Prashanth Gopalan is a writer based in Toronto, Canada. His writings have previously appeared in the Huffington Post and other publications. He reviews science, speculative, and fantasy fiction works for a global audience.
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25 Sep 2023

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In this episode of  Critical Friends , the Strange Horizons SFF criticism podcast, Aisha and Dan talk to critic and poet Catherine Rockwood about how reviewing and criticism feed into creative practice. Also, pirates.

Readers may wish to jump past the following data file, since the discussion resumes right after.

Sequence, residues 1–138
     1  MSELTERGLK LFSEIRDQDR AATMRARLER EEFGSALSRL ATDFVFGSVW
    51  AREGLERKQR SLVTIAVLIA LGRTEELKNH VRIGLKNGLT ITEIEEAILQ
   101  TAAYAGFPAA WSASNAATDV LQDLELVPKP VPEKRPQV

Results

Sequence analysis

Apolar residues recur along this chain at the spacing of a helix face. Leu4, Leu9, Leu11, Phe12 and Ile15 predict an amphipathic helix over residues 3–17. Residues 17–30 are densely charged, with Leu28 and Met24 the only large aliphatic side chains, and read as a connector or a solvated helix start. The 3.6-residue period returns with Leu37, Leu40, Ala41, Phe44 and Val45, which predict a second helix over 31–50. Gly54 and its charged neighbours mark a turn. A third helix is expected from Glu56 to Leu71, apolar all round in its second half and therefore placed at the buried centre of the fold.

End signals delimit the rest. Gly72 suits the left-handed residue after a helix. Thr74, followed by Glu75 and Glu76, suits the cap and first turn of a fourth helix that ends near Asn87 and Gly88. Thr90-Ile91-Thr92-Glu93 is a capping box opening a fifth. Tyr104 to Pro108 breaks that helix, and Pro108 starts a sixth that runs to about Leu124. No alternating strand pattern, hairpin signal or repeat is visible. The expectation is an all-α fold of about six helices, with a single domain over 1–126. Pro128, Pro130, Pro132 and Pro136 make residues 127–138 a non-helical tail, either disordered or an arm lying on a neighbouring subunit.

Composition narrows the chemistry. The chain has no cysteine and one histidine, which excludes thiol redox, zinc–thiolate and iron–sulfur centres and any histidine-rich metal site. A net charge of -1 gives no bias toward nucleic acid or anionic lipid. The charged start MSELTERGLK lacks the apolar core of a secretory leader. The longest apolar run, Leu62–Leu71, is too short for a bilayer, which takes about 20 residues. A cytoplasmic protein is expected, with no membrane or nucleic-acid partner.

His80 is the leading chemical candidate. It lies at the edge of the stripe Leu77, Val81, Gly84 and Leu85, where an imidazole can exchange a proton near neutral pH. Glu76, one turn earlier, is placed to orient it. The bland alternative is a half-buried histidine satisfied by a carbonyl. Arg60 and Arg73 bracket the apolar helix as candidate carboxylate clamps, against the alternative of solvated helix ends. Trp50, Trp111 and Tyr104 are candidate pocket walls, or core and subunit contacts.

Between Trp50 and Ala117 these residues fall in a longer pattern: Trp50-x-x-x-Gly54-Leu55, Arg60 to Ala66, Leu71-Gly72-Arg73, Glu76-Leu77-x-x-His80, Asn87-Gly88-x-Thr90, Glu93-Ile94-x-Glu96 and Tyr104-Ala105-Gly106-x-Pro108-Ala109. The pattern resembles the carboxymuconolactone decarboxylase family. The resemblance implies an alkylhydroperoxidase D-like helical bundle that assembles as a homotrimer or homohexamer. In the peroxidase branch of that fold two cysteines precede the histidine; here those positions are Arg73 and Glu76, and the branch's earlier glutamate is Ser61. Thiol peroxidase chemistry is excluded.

Writing authentic stories may require you to make the same sacrifice. This is not a question of whether or not you are ready to write indigenous literature, but whether you are willing to do so. Whatever your decision, continue to be kind to indigenous writers. Do not ask us why we are not famous or complain about why we are not getting support for our work. There can only be one answer to that: people are too busy to care. At least you care, and that should be enough to keep my culture alive.